The US-Taliban peace talks held on Tuesday in Doha ended inconclusively, but are set to resume at an undecided later date in March. For the US, a political settlement with the Afghan Taliban is now a necessity.
The insurgent movement remains impervious to an intensifying US aerial campaign. Its territorial control continues to grow as Afghan government forces and the US-led coalition are on a trajectory to overtake the Taliban in terms of responsibility for civilian deaths.
The Afghan government faces the risk of defeat in both the physical (territorial control) and psychological (legitimacy) domains. The status quo is untenable. There is little recourse to a political settlement.
But a poorly constructed peace deal may do more harm than good. One major risk is that it could serve as a morale booster for the al-Qaeda-led global fundamentalist movement, to which the Taliban has been tied for two decades.
The Afghan Taliban sheltered al-Qaeda during the 1990s up until the US invasion after the 9/11 attacks. Al-Qaeda founders Osama bin Laden and Ayman al-Zawahiri gave the bay’ah or oath of allegiance to Taliban founder Mullah Muhammad Omar. And al-Zawahiri has given the bay’ah to each Taliban leader who has succeeded the deceased Mullah Omar.
The al-Qaeda-Taliban relationship goes beyond history and symbolism. The reestablishment of the Taliban’s so-called “Islamic Emirate” is a rallying cry and strategy priority for al-Qaeda. The Taliban have portrayed their rule over Afghanistan as an idyllic period—a contemporary example of correct “Islamic” governance.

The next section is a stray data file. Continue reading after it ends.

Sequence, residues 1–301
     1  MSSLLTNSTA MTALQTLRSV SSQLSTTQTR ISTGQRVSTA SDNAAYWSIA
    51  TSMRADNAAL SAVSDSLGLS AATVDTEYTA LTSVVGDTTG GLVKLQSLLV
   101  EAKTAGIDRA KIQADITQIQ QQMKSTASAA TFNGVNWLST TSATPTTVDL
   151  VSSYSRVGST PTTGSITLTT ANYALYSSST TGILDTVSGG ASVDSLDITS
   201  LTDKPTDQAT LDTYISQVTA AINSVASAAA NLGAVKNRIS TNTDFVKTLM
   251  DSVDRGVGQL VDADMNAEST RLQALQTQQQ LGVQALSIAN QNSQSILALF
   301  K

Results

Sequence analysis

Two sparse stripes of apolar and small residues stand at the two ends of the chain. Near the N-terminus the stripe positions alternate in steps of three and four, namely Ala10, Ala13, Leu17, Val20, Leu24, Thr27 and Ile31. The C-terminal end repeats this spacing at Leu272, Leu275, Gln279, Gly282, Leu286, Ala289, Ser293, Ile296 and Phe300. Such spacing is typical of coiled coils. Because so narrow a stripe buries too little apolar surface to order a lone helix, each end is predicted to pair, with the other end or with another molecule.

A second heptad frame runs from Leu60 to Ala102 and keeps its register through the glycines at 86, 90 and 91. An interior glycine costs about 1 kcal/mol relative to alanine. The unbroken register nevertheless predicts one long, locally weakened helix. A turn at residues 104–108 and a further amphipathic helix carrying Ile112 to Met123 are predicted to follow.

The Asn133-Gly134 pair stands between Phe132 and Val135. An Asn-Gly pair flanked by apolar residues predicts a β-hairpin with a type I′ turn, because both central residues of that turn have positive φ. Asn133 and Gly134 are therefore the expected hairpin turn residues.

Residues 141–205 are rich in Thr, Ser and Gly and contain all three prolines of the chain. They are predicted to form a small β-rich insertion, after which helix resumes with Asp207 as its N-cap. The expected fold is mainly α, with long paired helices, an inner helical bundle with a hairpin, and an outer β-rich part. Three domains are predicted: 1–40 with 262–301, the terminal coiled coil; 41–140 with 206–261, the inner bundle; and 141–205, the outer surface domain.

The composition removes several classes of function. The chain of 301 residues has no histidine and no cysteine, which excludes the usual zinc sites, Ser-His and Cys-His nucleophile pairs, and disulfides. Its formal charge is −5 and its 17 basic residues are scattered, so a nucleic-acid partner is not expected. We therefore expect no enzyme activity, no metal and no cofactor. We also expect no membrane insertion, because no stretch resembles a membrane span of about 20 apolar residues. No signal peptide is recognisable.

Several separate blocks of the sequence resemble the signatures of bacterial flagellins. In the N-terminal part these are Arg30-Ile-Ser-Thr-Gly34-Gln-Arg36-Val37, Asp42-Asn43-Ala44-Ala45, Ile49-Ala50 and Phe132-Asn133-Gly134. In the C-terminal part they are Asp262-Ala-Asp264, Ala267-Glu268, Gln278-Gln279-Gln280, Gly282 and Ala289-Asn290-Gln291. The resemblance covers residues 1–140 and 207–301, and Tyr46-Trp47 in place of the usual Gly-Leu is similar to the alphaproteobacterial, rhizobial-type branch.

A flawed peace deal would concede too much to the Taliban, allowing it to claim an outright victory over the world’s sole superpower and reestablish something akin to the system it imposed on Afghans over two decades ago. The revival of a distinct “Taliban model” of governance would embolden extremist groups in the region and beyond to do the same.
In official statements, the Taliban have said that they are keen on intra-Afghan dialogue and do not want “exclusive control of power.” Indeed, following Tuesday’s talks, US special envoy Zalmay Khalilzad tweeted that intra-Afghan negotiations are imminent.
A poorly constructed peace deal may do more harm than good. One major risk is that it could serve as a morale booster for the al-Qaeda-led global fundamentalist movement, to which the Taliban has been tied for two decades.Arif Rafiq